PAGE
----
Award winning manager denies manslaughter and says Newton Poppleford tractor death still haunts him
PUBLISHED: 15:55 24 January 2019
An award-winning farm manager has denied causing the death of a young tractor driver and told a jury that the tragedy haunts him every day.
George Perrott told Exeter Crown Court he adjusted and checked the brakes on the trailer which farm worker Kevin Dorman was using just five days before a fatal crash.
Mr Dorman, aged 25, was moving freshly harvested silage at Houghton Farm, Newton Poppleford, Devon, when his tractor and trailer fell 16 feet through a hedge into a sunken lane in May 2014.
He suffered fatal head injuries when the trailer, which was half full of silage, fell on top of the cab of his tractor.
Mr Perrott said the accident was ‘the worst day of his life’ and that he thinks about Kevin every day.
The prosecution say the accident happened because the brakes on the Richard Western trailer which he was towing failed, forcing the tractor down a steeply sloping, rain-sodden field.
Mr Perrott is alleged to have caused the death through a grossly negligent lack of maintenance of the trailer unit. His employers, the Clinton Devon Farm Partnership, deny corporate manslaughter.
The company is a division of Clinton Devon Estates which manages 2,800 acres of organic farmland for Lord Clinton’s Clinton Devon Estates, which has a total of 17,000 acres and is Devon’s biggest private landowner.
Mr Perrott, aged 51, won Farmers Weekly’s Farm Manager of the Year award in 2007 and was a judge in the next year’s contest.
He said he grew up on a farm, trained at Seale Hayne agricultural college at Newton Abbot and worked in farming all his adult life. He had known Kevin since he was a boy and employed him for a year before the accident.
He said:”It was the worst day of my life. I have thought about it every day since. I live a few hundred yards down the road and every time I pass the scene of the accident, I think about it.”
Mr Perrott said he had years of experience of maintaining farm vehicles, had attended health and safety courses and received support from the NFU in risk management.
He said Kevin’s father James Dorman had mentioned a problem with the brakes five days before the accident and he had adjusted and checked them immediately. The trailer had also been checked thoroughly after being taken out of storage at the start of a silage season and a brake hose pipe had been replaced. Its tyres and wheels were checked daily.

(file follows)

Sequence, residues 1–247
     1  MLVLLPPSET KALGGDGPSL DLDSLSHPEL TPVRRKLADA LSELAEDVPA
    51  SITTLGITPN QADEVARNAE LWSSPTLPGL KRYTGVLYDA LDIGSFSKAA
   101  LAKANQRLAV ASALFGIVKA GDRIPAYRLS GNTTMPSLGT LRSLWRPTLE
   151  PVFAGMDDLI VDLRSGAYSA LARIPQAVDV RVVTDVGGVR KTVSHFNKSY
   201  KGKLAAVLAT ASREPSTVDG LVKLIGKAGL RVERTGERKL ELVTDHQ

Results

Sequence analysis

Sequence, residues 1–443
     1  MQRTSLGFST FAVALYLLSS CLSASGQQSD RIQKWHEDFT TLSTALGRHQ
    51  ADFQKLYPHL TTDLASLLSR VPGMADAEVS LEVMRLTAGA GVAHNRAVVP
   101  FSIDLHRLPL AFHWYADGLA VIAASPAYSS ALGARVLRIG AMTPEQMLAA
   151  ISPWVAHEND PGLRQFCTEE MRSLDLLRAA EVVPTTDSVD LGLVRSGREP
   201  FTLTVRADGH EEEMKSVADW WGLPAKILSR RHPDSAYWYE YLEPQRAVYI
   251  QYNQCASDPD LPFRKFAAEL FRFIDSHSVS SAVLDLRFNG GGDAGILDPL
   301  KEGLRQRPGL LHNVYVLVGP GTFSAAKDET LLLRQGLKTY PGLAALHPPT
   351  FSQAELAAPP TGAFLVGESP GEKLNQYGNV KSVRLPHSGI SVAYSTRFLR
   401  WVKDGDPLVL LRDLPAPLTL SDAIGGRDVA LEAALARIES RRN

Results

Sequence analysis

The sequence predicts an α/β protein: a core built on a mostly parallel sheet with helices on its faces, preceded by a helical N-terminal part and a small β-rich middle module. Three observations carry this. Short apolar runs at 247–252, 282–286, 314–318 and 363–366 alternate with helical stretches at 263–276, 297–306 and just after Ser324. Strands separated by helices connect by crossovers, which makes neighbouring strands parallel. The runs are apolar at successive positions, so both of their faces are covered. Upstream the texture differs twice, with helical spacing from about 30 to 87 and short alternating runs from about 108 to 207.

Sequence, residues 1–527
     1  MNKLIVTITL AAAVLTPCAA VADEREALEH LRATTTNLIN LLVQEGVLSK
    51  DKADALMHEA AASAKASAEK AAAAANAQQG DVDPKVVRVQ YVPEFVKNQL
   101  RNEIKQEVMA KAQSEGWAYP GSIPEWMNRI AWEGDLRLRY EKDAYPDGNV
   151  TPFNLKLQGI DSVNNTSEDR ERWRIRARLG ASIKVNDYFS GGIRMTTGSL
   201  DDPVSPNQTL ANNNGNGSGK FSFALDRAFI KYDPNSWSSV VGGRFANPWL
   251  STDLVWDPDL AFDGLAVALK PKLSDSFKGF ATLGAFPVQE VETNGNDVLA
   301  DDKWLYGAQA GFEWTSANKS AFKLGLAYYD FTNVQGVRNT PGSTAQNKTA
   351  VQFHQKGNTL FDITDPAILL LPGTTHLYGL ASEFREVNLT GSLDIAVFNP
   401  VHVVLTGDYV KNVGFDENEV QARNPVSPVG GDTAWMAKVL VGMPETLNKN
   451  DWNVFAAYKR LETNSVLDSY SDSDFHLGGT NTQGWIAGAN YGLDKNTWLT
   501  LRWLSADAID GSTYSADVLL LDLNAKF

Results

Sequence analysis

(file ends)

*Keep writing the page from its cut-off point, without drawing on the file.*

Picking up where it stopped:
He said GPS tracking on the tractor which was being used with the trailer showed it stopping and starting in the farm yard as its brakes were checked on May 14, five days before the crash.
He said he tightened the ‘slack adjuster’ on the air brakes of the trailer. He said: “I tapped the spanner on with my hammer and rotated the screw on each wheel a small amount, probably one turn.
“I increased the brake and then skid tested it again. It was okay.”
Mr Perrott said on the day of the accident there was a late start to silaging because a wheel on the forager had to be replaced. There was a short rain storm but he checked the ground was safe to work on.
He was driving the forager when he had a call from one of the other tractor drivers and went straight to see if he could help.
Perrott, aged 51, of Colebrook, Crediton, denies gross negligence manslaughter and Clinton Devon Farms Partnership, (CDFP) of Hawkerland Road, Colaton Raleigh, deny corporate manslaughter. Both deny failing to ensure the safety of an employee. Kevin was a former Sidmouth College and Bicton College student who had worked on farms since he was a schoolboy and worked for CDFP for a year.
He was engaged to his fiancee Kirsty Clode and they were buying a house together on a shared ownership scheme. He was a keen footballer who played as striker for Sidmouth Town.
The trial continues.